Wednesday, September 26, 2012

Relishing Riga!

Riga, Latvia---don't know that I'd ever really heard of the place until my niece, Hailey Sutterfield, was called on a mission there for our church.  Latvia, I knew, because I once had a fettish for playing geography games on the computer when I was tired and wanted to sit down awhile---I'd time myself and see how fast I could fill in a blank map of Europe or Africa (I rationalized that I was learning something and that is was better than playing Spider or Solitaire).  Riga, though,was new to me.  When I took geography in 9th grade, Latvia was part of the Soviet Union.  Don't think I ever had to put Riga on a map.  When Hailey was called and sent letters every week, I got a feel for the people, but not so much the place.  Never did I dream in a million years that I would visit Riga.  I know that I sound like a broken record, but I'm so glad we did.  It was amazing in so many ways.  Just proof again that artistic, hard-working, and faithful people have lived in many places throughout all of time!

In case you missed my blog about our time on the boat during our cruise, I posted a few pictures when we were floating up the Daugava River at the break of day.  You could get a sense of Riga---the importance of the river, the stark difference between the architecture of the new and the old, the variety of churches, and the abundance of nature, both green spaces and blue spaces.  Over 54 percent of Riga is made up of parks and forests (green) and waterways in the form of canals and rivers (blue).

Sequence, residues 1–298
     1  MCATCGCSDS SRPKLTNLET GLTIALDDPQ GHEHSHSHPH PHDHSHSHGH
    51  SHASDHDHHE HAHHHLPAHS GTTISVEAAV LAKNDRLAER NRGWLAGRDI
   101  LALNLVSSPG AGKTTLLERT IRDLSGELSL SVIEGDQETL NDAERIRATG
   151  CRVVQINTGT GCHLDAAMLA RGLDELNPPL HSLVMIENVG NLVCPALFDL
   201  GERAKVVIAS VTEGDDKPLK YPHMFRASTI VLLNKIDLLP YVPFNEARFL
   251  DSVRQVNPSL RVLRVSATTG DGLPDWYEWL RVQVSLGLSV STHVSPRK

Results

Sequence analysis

This beautiful building was one of the first things we saw when we got off the bus after a short city tour.  We entered Town Hall Square and the dominant building was this incredibly decorated structure.  It's the House of the Blackheads Brotherhood.  It is said to have been the richest and most spendorous building in the early days of Riga and is first mentioned in writings of 1334.  Blackheads was an organization of unmarried foreign merchants existing in several medieval Baltic towns.  In Riga it was entered into by unmarried foreign merchants who were living in Riga but were not homeowners.  The structure was often used for meetings of citizens.  It has recently been restored.


Sorry the photos are a little choppy and skewed.  The square was quite small, the buildings quite large and beautiful, and empty spaces not so empty but full of people.  It was hard to get in good places to get a shot off and not be in someone's way!  Not to mention the fact that our guide was ALWAYS in a hurry.  Not so sure she was lovin' her job.  Across the way was the town hall:

Soon we were on our way walking through the streets of Old Town Riga.  One of our next stops was St. Peter's Church.  It was so tall (it's the tallest building in Old Riga) and crowded in between other structures so I had to take pictures of it in sections!  This church is first mentioned in 1209; it's old.  It was medieval Riga's chief sacred building.


You can get an idea of how tightly packed that big church is in the middle of Old Riga in this next picture.
Not too far away is St John's Church.  
All of the steeples of Riga's churches are topped by gilded cocks.  The cock in Latvian folklore is both the symbol of watchfulness and a safeguard from the devil.  When the cock sings for the third time, the devil supposedly is forced to run to hell.  The one below is found on the top of  St. John's church.
This one is on top of the Dom Church.
Speaking of the Dom Church:
They were working on the organ loft!